Journalist Zoe Samios from The Sydney Morning Herald reflected, “As bushfires rip through the country, criticism of News Corp’s climate change coverage in its Australian newspapers has been unrelenting. As the links between climate change and the ferocity of the bushfires played out, a subsidiary debate about the appropriateness of certain articles and opinion pieces in The AustralianThe Daily Telegraph and The Herald Sun gathered momentum… News Corp has run many pieces that have questioned the legitimacy of widely-accepted climate-change science over the past decade”.

In coverage across Australia and New Zealand, ‘fire’, ‘fires’ and ‘bushfires’ along with ‘climate’, ‘change’, ‘Australia’, ‘Australian’, ‘government’ and ‘Morrison’ all appeared in the top 25 most frequently used words in January 2020 news stories.*

In January, political and economic content also shaped media coverage. Prominently, many media outlets abundantly covered the announcement early in January from BlackRock that they were divesting from carbon-based energy projects that posed significant risk to ongoing capitalist profitmaking. In particular, an open letter from CEO Laurence Funk garnered significant attention, as a break from business-as-usual and potentially (with the scale of BlackRock investments) a sign of emerging trends. For example, journalist Stephen Gandel from CBS News reported, “BlackRock, the world’s largest asset manager, says it is selling $500 million of coal-related investments as part of a larger shift to make climate change central to its investment decisions. BlackRock founder and CEO Laurence Fink, who oversees the firm’s management of $7 trillion in funds, announced the initiative in his influential annual letter to chief executives of major companies. The letter was posted on BlackRock’s website Tuesday. In it, Fink said he believes we are “on the edge of a fundamental reshaping of finance” because of a warming planet. Climate change has become the top issue raised by clients, Fink said in the letter, and it will soon affect everything from municipal bonds to long-term mortgages for homes”. Meanwhile, Washington Post journalists Stephen Mufson and Rachel Siegel noted, “In a separate letter to investors, BlackRock announced it would exit investments with high environmental risks, including thermal coal, which is burned to produce electricity and creates carbon dioxide, a greenhouse gas. BlackRock will also launch new investment products that screen for fossil fuels. The nation’s largest financial institutions are under increasing pressure from investors, activists and some political leaders for their tepid response to climate change, even as the Trump administration has systematically rolled back environmental regulations to promote economic growth”.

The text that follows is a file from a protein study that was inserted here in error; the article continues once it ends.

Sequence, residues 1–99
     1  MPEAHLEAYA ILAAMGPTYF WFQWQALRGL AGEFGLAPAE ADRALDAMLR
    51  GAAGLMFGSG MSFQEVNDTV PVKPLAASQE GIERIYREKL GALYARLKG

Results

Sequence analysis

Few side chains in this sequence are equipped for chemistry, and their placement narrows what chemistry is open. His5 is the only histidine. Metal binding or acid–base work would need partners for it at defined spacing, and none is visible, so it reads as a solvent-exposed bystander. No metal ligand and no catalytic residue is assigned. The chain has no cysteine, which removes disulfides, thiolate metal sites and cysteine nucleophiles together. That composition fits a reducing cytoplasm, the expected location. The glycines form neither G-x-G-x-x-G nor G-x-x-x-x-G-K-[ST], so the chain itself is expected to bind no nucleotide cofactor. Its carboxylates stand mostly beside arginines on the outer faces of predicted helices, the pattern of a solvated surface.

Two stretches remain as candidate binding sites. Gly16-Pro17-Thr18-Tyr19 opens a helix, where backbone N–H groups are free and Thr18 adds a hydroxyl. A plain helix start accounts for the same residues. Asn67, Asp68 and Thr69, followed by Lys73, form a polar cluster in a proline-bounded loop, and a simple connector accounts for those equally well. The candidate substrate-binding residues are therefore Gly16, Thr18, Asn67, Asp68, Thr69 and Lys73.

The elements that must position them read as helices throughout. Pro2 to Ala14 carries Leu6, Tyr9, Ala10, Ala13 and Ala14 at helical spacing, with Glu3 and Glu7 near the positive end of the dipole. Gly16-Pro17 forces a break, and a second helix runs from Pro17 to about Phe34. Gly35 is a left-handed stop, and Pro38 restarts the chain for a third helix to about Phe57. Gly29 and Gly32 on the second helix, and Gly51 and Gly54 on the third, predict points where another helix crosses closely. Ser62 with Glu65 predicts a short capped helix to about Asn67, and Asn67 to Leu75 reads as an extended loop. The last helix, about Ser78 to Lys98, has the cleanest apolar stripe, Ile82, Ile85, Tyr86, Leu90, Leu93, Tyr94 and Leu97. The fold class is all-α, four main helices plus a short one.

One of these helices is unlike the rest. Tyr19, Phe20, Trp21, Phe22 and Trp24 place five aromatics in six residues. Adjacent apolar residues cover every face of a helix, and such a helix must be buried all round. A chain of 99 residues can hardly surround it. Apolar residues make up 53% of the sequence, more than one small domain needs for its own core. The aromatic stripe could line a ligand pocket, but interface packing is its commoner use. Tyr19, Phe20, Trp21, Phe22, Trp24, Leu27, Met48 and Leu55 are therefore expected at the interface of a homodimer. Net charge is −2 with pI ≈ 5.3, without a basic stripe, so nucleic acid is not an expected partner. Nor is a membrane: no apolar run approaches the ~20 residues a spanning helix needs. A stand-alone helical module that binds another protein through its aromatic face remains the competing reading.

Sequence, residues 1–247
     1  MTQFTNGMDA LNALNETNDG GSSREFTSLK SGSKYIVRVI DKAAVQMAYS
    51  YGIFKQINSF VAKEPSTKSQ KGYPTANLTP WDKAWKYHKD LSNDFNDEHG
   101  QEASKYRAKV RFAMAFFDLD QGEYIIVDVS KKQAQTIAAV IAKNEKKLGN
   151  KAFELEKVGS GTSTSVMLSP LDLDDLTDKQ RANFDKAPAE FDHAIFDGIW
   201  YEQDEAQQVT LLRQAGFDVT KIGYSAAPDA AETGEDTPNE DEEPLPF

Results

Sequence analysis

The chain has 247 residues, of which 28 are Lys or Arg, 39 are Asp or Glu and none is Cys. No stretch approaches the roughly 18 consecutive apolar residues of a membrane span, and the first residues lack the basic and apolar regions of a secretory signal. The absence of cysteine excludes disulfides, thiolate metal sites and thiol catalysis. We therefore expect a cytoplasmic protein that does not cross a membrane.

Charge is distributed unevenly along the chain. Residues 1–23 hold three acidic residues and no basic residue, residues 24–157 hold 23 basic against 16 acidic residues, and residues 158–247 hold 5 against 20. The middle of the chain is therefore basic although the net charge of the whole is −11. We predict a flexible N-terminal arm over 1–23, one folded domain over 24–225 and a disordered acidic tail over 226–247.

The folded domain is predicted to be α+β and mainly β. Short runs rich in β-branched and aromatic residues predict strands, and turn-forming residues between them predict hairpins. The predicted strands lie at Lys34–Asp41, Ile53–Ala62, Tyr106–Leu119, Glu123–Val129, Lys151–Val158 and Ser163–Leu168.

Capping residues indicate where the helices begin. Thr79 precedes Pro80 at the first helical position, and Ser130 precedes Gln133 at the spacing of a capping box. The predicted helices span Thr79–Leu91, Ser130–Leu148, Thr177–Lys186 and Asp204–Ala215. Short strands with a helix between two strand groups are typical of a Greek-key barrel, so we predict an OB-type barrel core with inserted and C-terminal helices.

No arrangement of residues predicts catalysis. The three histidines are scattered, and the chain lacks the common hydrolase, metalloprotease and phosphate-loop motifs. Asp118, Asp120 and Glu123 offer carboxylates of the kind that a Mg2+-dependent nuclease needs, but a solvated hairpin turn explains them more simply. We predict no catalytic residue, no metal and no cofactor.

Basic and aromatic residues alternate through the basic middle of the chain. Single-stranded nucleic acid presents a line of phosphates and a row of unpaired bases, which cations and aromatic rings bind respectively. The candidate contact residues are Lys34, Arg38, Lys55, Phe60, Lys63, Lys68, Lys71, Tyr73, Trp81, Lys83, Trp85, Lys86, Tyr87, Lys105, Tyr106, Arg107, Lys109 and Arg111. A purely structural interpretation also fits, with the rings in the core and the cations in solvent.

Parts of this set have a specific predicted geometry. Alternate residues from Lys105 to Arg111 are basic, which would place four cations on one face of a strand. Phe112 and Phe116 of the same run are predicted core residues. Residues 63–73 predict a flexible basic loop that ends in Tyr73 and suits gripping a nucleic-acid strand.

Also in January, the World Economic Forum in Davos, Switzerland – with particular attention paid to climate risk – led to media attention. Of note, the annual risk report released ahead of the meeting contained news that for the first time the top five risk concerns related to climate, biodiversity loss, environment and sustainability. For example, journalist Larry Elliott from The Guardian reported, “A year of extreme weather events and mounting evidence of global heating have catapulted the climate emergency to the top of the list of issues worrying the world’s elite. The World Economic Forum’s annual risks report found that, for the first time in its 15-year history, the environment filled the top five places in the list of concerns likely to have a major impact over the next decade”.

In January, scientific dimensions also grabbed media attention to climate change and global warming. For example, pronouncements that 2019 was the second-hottest year on record (and 2010-2019 was the hottest decade) generated media interest. First to report, the Copernicus Climate Change Service (supported by the European Union) made the announcement. Shortly thereafter, the National Oceanic and Atmospheric Administration (NOAA) and the National Aeronautics and Space Administration (NASA) announced similar findings. Read more …